We just concluded the bi-annual General Council meeting of the Assemblies of God, Zimbabwe. Pastors and delegates from throughout the nation met in Bulawayo, Zimbabwe’s second city, to transact the business of the organization. Proposals were discussed, adopted or rejected; elections held resulting in a new Assistant General Superintendent and confirmation of the acting General Secretary as the new full-term General Secretary; and services to inspire, motivate, and inform, plus enjoying the presence of the Holy Spirit.
Two dominant themes emerged from these meetings. First, unity. As a Spirit-empowered church planting movement in Zimbabwe, the General Council agreed there is need for unity; unity of vision, unity of purpose, unity of action. Second, growth. Our churches must grow in each local area, plus we must plant more churches throughout the nation. Unity encourages growth. Growth needs unity. Operating in unity the General Council will pursue the vision of planting 1,000 new churches by 2020. In fact, the growth has already begun. By the end of 2013, the 87 churches of the General Council of the Assemblies of God, Zimbabwe will have added about 50 new churches! One province alone has a goal of adding 25 churches. It’s an exciting prospect.
One church plant will occur in Masvingo. Visiting evangelist, Greg Hubbard, will headline our effort as pastors and church members to establish a new church in this growing city of over 100,000 people. No Assemblies of God work exists there. New pastor, Tawanda Gasa, is laying the foundation for the upcoming evangelistic rallies, May 22 – 26. Working together, we believe the result of this effort will be a solid church that will become the flagship of church planting in the Masvingo province. Unity, growth – a winning formula!
You can help with both unity and growth. How? Pray for the success of this church planting effort. Pray for safety of the many church members and leaders traveling to Masvingo from various locations throughout the nation. Pray for the Holy Spirit to prepare the way. Your participation will make a difference in the success of this effort!
Rhonda and I served in Malawi for 13 years. We grew accustomed to petty thievery in the neighborhood. To help discourage thieves, we had dogs. Our last dog was a beautiful bull mastiff who was an excellent watchdog and deterrent to those who wanted to enter the yard without permission.
Even though we have not had any thievery problems in Zimbabwe, and we feel safe, we think it is a good thing to have a dog on the premises. We decided, in honor of Zimbabwe (formerly Southern Rhodesia), to get a Rhodesian Ridgeback. The search began and we finally found someone who could get a Ridgeback puppy for us. We paid the deposit and waited… and waited… and waited. We sent text messages and emails to the guy we had contracted with, no answer.
I told Rhonda, “We’ve been swindled!” According to the dictionary, swindle, as a verb, means use deception to deprive (someone) of money or possessions. Alas, it seems that is what happened to us.
However, a larger swindle takes place every day in Zimbabwe. According to the World Fact Book*, 75% of Zimbabweans are not Christian (25% are Christian in name, if not actually followers of Christ). They are syncretic (mixing Christianity with ancestral religions) or indigenous (ancestral religions). Every politician makes some allusion to God when they give a speech or interview. Every business person talks about God is some way while doing business with others. Every policeman knows something to say about God. All around God is invoked in some fashion. And that is where the swindle comes in.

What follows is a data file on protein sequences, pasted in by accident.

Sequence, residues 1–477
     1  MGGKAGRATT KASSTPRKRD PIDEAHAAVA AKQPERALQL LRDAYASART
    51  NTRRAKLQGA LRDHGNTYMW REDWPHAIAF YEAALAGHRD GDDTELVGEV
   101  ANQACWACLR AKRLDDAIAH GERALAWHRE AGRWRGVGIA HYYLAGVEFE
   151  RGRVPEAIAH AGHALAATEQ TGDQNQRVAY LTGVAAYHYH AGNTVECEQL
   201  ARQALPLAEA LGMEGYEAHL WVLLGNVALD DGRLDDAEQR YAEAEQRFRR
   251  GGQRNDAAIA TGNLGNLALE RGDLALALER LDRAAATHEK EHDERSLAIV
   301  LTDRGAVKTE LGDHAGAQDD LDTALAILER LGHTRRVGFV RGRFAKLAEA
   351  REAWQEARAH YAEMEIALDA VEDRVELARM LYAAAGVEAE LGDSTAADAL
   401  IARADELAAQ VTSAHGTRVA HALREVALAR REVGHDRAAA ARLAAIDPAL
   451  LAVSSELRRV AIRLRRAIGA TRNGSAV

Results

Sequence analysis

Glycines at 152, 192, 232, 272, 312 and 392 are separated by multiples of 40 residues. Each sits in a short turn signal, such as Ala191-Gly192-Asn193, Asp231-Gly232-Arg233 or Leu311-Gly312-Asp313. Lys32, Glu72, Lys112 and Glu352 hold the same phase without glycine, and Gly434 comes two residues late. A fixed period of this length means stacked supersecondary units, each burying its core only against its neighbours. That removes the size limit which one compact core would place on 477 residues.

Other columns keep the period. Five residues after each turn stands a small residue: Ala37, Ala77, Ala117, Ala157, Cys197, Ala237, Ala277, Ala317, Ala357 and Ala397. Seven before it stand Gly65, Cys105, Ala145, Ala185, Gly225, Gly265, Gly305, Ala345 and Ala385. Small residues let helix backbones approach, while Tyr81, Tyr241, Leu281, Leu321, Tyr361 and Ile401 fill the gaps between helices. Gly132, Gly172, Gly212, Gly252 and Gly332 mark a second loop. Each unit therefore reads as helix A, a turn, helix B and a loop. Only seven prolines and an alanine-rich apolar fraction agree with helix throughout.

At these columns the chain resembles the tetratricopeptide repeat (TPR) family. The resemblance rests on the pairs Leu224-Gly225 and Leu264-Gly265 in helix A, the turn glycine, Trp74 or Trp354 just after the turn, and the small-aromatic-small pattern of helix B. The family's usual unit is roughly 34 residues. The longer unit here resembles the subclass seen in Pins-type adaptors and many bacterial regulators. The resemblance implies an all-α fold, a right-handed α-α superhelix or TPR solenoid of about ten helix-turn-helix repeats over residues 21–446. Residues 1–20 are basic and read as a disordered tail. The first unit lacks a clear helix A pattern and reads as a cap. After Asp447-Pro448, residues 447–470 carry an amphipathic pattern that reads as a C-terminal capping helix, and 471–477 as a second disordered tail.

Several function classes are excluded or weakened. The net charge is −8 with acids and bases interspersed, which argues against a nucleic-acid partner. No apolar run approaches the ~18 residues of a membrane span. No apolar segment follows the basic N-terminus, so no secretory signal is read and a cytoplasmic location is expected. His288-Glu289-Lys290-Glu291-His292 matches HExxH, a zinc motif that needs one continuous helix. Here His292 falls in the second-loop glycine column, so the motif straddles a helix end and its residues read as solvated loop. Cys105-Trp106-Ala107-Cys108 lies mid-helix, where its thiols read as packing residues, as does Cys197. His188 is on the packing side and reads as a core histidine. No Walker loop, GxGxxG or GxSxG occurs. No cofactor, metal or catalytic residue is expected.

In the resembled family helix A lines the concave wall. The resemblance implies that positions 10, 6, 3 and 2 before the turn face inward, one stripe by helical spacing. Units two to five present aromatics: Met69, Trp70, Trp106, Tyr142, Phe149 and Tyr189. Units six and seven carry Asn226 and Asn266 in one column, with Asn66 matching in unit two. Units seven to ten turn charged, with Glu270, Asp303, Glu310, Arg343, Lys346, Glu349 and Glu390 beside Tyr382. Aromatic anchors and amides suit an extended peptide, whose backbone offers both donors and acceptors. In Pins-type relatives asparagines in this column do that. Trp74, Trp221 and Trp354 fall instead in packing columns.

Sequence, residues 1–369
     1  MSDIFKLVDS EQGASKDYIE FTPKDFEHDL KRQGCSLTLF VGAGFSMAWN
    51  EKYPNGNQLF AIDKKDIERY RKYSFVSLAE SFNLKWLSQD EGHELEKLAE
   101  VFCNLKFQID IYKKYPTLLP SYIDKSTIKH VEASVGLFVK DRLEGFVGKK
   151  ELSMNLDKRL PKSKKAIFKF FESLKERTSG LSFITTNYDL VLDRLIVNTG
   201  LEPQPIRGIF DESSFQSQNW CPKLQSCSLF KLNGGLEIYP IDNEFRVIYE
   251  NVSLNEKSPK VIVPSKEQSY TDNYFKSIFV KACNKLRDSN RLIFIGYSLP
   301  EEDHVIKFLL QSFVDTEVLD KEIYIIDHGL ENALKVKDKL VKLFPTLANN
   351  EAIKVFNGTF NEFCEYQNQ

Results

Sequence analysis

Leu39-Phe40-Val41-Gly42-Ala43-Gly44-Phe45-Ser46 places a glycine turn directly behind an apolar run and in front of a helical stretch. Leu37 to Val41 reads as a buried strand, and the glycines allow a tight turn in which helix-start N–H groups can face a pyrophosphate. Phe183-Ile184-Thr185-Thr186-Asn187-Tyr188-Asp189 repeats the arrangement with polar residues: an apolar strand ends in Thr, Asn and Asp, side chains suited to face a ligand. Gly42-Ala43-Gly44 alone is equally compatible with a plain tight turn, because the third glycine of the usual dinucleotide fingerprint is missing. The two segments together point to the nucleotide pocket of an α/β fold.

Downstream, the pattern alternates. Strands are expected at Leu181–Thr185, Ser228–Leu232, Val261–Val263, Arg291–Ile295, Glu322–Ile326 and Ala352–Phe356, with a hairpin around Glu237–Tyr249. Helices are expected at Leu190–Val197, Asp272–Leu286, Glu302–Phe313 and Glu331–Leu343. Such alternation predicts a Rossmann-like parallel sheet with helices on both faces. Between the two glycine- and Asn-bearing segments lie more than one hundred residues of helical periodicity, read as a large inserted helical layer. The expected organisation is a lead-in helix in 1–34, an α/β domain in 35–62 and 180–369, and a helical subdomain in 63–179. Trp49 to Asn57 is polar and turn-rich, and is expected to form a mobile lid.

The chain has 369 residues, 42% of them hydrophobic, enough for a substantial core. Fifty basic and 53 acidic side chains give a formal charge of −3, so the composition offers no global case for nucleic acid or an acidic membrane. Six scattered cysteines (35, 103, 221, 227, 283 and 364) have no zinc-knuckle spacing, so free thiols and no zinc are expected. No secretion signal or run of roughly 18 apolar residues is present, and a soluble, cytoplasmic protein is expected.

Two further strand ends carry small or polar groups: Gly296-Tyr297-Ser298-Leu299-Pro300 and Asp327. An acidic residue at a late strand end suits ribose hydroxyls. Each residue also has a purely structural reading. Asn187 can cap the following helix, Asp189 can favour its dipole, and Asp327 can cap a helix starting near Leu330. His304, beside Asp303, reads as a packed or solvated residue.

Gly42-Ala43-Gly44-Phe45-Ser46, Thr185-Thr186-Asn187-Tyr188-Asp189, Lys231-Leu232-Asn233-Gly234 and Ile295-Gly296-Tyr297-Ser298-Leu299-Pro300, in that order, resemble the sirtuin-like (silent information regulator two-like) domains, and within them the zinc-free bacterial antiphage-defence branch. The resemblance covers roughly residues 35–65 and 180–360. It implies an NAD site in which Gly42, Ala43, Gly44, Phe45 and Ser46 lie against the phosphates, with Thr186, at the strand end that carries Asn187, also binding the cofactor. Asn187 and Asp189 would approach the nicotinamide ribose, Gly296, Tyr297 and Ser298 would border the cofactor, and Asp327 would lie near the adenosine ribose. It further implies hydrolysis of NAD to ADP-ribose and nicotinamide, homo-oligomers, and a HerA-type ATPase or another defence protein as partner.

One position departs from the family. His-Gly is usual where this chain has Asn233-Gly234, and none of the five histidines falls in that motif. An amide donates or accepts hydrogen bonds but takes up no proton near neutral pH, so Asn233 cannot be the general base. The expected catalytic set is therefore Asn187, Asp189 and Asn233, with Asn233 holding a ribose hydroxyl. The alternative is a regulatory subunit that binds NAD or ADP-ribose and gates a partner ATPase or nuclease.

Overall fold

The largest of the syncretic groups have deceptively named themselvesthe Apostles. They claim to have knowledge derived from many sources, sometimes including the Bible, that will help people find God. Mostly, they are filled with people who want to hold sway over the minds of others. They meet in fields, wear white robes, and perform a variety of ritualistic actions – letting their “righteousness” be seen by all who pass by.
More dangerous are the crop of “prophets” that are rising up in the nation. These individuals, who are nothing more than fortune tellers, lead people astray with their often bizarre “prophecies.” One recently told a large gathering that soon the people of Zimbabwe will be picking up gold off the ground. It will simply come to the surface for them to collect! To poverty-stricken people this may sound wonderful, but it is a sham and an attempt to swindle people out of their possessions. Yet, people flock to these false prophets by the thousands hoping that something they say will actually come true and benefit the hearer.
Some question the need for missionaries in Africa, and elsewhere. Some think missionaries should only go to the 10/40 window and to unreached people groups as defined by the Joshua Project. When so many people are being spiritually swindled – deceived to deprive them of the truth of salvation through Jesus Christ – in a nation rocked by political chaos, the HIV/AIDS crisis, and trying to recover from an economic meltdown, there is a need for the Gospel to be preached to each and every person, regardless of their tribal affiliation, economic or educational status, or religious background.
Your partnership with us enables the Kingdom of God to advance in Zimbabwe as we reach out toallwho are unreached with the Gospel of Jesus Christ. Your partnership helps the General Council of the Assemblies of God, Zimbabwe to grow, one person at a time and one church at a time. Your partnership provides opportunities for those who are being spiritually swindled to have their lives transformed by the One Who is the Way, the Truth, and the Life. Together we make a difference!
There is an area outside Harare called Chitungwiza. Within that area is Unit D. Within Unit D is Faith Assembly of God. Construction on the church building for Faith Assembly is nearing an end. But that isn’t the story.
I was chatting with Pastor Lloyd Chamisa about Faith Assembly and the progress on the work. He told me the story of the property where the church building now stands. Before the church purchased the land, it was overgrown, “swampish” land, used as a public latrine in many spots. In the middle of the land was a large tree. A footpath meandered from the road through the property, passed the tree, and out the other side. It was this footpath and tree that made the reputation of the land.
When the church folks began clearing the land, many people from the houses across the street came to speak with Pastor Chamisa. They thanked him for leading his church to get the property. More emphatically, they thanked him for clearing the land and cutting down that big tree. One lady said, “I lost a child by that tree.” Another woman told of physical atrocities she endured near that tree. Others came and spoke of attacks by thieves as they passed the tree, where they were robbed of cell phones, wallets, purses, anything perceived to have value. And, then, there were the stories of rape and murder that occurred near the tree.
The church needed land, so they purchased this plot. Unknown to them, they were not only finding a place where they can meet, but they were ending the horror of pain and misery associated with that plot and that tree.